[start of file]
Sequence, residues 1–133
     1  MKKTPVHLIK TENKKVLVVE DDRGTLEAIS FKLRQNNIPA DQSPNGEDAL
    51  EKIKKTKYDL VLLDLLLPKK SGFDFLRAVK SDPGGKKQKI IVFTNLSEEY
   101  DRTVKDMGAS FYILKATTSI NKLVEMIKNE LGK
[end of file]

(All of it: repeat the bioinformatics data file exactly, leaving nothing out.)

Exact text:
Sequence, residues 1–133
     1  MKKTPVHLIK TENKKVLVVE DDRGTLEAIS FKLRQNNIPA DQSPNGEDAL
    51  EKIKKTKYDL VLLDLLLPKK SGFDFLRAVK SDPGGKKQKI IVFTNLSEEY
   101  DRTVKDMGAS FYILKATTSI NKLVEMIKNE LGK